I guess that’s what happens when you take a head-in-the-sand, I have it all done approach to estate, business succession, exit and financial planning issues.”
“Each of the advisors tried to explain my options as simply as possible, aside from the time I had to invest meeting with each of them, the technical language was pretty overwhelming. I could feel my stress level going up. I really began to wonder if I or anyone would ever figure this out.”
“So what happened?”
“I did what you’re doing. I met with a guy who had transitioned out of his business and asked him for some ideas. That’s how I ultimately began working with a Private Wealth advisor who specialized in working with high net worth business owners” replied Ben.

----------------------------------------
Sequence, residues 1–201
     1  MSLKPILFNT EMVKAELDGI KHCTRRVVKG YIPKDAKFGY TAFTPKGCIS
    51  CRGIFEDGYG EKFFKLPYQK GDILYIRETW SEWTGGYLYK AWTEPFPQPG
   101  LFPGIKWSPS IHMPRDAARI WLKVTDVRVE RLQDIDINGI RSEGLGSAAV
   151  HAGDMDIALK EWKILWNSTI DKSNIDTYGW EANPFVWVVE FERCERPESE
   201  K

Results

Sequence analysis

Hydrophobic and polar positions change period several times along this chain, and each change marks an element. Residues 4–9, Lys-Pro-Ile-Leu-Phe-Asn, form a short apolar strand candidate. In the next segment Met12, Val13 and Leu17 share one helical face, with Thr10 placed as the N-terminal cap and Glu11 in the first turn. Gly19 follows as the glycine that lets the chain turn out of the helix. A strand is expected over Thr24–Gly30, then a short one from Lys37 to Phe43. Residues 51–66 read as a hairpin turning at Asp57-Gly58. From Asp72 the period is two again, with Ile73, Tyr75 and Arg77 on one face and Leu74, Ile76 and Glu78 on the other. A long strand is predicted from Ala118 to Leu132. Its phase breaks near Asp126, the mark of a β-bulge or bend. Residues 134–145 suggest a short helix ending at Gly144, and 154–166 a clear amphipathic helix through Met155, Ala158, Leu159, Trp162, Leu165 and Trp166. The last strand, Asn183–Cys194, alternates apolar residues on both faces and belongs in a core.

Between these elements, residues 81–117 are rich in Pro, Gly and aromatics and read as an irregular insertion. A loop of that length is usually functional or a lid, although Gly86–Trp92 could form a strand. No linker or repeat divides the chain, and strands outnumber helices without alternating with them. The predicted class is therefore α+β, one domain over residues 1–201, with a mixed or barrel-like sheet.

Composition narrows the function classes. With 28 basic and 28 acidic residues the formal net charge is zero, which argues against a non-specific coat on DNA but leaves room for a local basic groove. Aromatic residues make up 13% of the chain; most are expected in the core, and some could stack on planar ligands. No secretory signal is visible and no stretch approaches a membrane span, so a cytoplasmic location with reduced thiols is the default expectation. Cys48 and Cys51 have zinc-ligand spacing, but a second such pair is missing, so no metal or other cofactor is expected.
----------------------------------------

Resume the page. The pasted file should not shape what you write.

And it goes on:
“and what did they offer?” asked Tony.
“They use a proprietary process methodology,” continued Ben. ” They call it the "Triangle of Conflict and Risk". It was a process that helped to clarify objectives and issues, identify conflicts and the threats to my wealth, estate and business transition that these conflicts created.
“They had a step by step process. They pulled all of my existing plans together and other key data. Did an analysis of my overall planning, then they presented me with an executive summary and pointed out the strength, weaknesses, opportunities and challenges of my current plans and how they fit into the strategic plan for my business and wealth planning.
From there, they worked with me to develop a comprehenisive wealth plan and roadmap based upon my goals for the creation, and preservation of my business and my wealth. Just as important, they made it understandable for me and my family and collaborated with my atttorney and accountant to ensure it was properly implemented.